Probably only a few rivalries exist in the whole sporting world, which can outshine the Indo-Pak rivalry in terms of actual impact on issues much less trivial than a cup or a trophy. It is one of the few rivalries which extend into multiple sports and is not restricted to merely one. However, as cricket is the biggest sport in both countries, for the time being, the focus will be cricket only. Fans love the tension, broadcasters and advertisers love the viewership numbers, the respective boards love the money that flows in as a result. Yet, the recent cross border ceasefire violations along with the perceptions that both countries indulge in state sponsored terror against the other (Pakistan sponsoring terror in Indian controlled Kashmir and India in Baluchistan) have been a sorts of salt on already festering wounds, the biggest one being Kashmir. The analysis of the allegations or the veracity of allegations is beyond the scope of this article. The focus of this article is on the differing viewpoints that both sides have with regards to the series and perhaps how cricket can be more than just a sport.
The Indian Side
With the Indian Cricket board by far the richest and the most powerful in the world, the need for an Indo-Pak series is not a pressing one for them. The recent government has taken a hard stance against the cross border violations and the general sentiment in the country has been extremely negative with respect to Pakistan on account of not only the violations but also the sheltering of anti-Indian elements such as Hafiz Saeed and Dawood Ibrahim, it is perhaps safe to say that most of the opposition to the series comes from the Indian side. From India’s point-of-view, the duplicitous nature of the Pakistani government, the continued support of the Hurriyat movement in Kashmir and the aforementioned ceasefire violations and state protection of anti-India elements makes playing cricket in such a situation, an extremely tough proposition. However, the recent visit of India’s Foreign Minister to Pakistan and the bonhomie between the Pakistan Prime Minister, Nawaz Sharif and the Indian Prime Minister Narendra Modi on the side-lines of Paris Climate Conference, may signal a thawing of the hard stance. Whether this translates to any positive action on the Indo-Pak cricket series remains to be seen.
The Pakistan Side
For the cash strapped Pakistan cricket board, the series against India is a lifeline. The revenue generated from such a series will not only provide some much needed cash but also help bring some semblance of normalcy to Pakistani cricket which has been languishing since the terror attacks on the Sri Lankan cricket team. The terror attack on the Sri Lankan cricket team dealt a deadly blow to Pakistani cricket with almost all major cricketing nations refusing to tour Pakistan on account of security concerns. As domestic tours are generally more lucrative than foreign tours, this also had an impact on revenue of the cricket board. Paucity of funds meant that the salaries of the cricketers took a hit. And in 2008, the 26/11 attacks on Mumbai and the alleged role of Pakistan’s security agency, the ISI, led to the cancellation of all cricketing ties between the two nations. This included the cash rich Indian Premier League and this was appreciated neither by the PCB nor the players. From Pakistan’s point of view, political issues like the alleged role of ISI in Mumbai Attacks, the ceasefire violations, Kashmir, etc. have to be isolated from sporting ties. The most common viewpoint is that these issues cannot be solved in the near future but should not hold hostage the sporting relations between the two nations. Further scandals like the spot fixing involving Salman Butt, Mohammad Asif and Mohammad Amer along with the paucity of funds has made the PCB desperate.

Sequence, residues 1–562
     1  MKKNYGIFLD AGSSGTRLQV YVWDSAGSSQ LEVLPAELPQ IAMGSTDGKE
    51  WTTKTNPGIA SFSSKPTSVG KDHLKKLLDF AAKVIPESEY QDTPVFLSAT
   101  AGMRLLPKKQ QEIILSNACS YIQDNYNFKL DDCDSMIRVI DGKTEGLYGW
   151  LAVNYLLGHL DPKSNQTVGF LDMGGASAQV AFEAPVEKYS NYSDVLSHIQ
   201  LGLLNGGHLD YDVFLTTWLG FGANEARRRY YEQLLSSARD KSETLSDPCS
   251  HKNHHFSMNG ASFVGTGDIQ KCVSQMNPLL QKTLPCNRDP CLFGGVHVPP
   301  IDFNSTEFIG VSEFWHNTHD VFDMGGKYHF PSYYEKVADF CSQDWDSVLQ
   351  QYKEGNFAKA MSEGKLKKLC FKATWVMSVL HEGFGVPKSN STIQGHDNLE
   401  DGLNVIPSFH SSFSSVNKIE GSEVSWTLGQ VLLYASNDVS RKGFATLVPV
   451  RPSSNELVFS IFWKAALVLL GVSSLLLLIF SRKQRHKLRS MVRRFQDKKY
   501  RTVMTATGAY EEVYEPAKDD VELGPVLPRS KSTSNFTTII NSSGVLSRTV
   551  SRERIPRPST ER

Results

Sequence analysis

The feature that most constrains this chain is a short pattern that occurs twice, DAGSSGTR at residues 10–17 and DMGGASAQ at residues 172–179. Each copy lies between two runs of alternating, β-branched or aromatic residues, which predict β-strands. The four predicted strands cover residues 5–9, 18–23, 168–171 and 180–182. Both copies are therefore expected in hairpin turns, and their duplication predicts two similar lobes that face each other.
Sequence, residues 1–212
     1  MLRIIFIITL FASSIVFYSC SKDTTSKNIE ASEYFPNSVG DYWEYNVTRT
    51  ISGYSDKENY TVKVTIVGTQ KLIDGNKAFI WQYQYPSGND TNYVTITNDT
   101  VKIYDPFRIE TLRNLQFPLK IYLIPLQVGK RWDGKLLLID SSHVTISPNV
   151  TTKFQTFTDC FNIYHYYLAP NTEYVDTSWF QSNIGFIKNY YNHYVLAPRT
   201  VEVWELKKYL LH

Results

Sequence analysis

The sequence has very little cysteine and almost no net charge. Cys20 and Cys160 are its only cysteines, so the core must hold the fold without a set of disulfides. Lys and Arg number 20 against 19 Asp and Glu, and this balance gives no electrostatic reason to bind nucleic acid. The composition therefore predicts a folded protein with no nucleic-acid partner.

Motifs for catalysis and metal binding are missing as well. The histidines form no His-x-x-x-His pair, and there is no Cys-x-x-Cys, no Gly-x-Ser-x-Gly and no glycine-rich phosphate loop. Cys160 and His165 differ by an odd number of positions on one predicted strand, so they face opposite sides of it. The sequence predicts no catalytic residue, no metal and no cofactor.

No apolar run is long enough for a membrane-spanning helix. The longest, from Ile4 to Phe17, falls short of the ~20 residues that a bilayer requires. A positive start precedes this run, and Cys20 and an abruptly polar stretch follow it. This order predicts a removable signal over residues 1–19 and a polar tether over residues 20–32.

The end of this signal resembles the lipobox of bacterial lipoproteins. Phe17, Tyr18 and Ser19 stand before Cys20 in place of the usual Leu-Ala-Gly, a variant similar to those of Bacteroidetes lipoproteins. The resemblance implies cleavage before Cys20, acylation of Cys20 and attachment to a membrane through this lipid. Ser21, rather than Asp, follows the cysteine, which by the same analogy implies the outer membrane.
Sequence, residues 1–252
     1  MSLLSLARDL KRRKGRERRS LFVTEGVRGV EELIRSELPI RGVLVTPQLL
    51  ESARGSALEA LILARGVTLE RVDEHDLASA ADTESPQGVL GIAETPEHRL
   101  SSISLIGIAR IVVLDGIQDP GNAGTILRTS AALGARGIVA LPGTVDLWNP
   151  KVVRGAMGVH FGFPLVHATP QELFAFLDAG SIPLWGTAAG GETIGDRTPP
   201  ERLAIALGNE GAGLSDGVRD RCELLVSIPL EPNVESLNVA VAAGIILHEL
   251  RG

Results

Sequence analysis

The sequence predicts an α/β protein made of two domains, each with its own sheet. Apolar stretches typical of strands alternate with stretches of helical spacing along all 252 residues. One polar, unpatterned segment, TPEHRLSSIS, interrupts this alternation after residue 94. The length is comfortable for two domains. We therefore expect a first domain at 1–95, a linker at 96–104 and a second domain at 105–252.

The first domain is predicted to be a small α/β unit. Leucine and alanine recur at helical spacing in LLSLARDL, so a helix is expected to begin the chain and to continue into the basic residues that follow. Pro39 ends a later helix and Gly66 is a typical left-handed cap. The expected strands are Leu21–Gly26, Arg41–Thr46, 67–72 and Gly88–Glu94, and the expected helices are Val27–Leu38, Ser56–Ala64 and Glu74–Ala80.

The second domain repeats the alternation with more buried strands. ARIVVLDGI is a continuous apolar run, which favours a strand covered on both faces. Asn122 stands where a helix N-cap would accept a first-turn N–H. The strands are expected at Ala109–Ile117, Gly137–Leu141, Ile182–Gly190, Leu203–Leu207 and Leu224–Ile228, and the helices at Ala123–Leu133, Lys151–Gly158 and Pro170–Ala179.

In a Nutshell
The nature of Indo-Pak relations are such that there will always be bumps on the roads as there are too many vested interests benefiting from the polarized relations between the two countries on both sides. Moreover, given the vast number of issues between the countries, it is naïve to think that the two nations will see eye-to-eye on every issue. The leaders of both countries need to decide on some framework within which a dialogue between the nations can take place. This is, of course, easier said than done. However, the role that cricket can play to generate goodwill among the peoples of the two countries should be recognized and could even be the centrepiece of the framework. It should be noted that it is in the absence of such dialogue that espouses a general sense of apathy towards the other side.
In the recent months, the role of sports in diplomacy has become more prominent. The Fifa World Cup in 2014 and 2011 Cricket World Cup are just two recent examples that pop into mind. It provides a less politically charged atmosphere wherein important issues can be discussed by politicians and diplomats off-the-record and some sort of common ground can be found as the spotlight on the action on the field,. With relations at an all-time low, perhaps it’s the love of cricket common to both and inherited from their colonial past that can provide a much needed thaw in relations.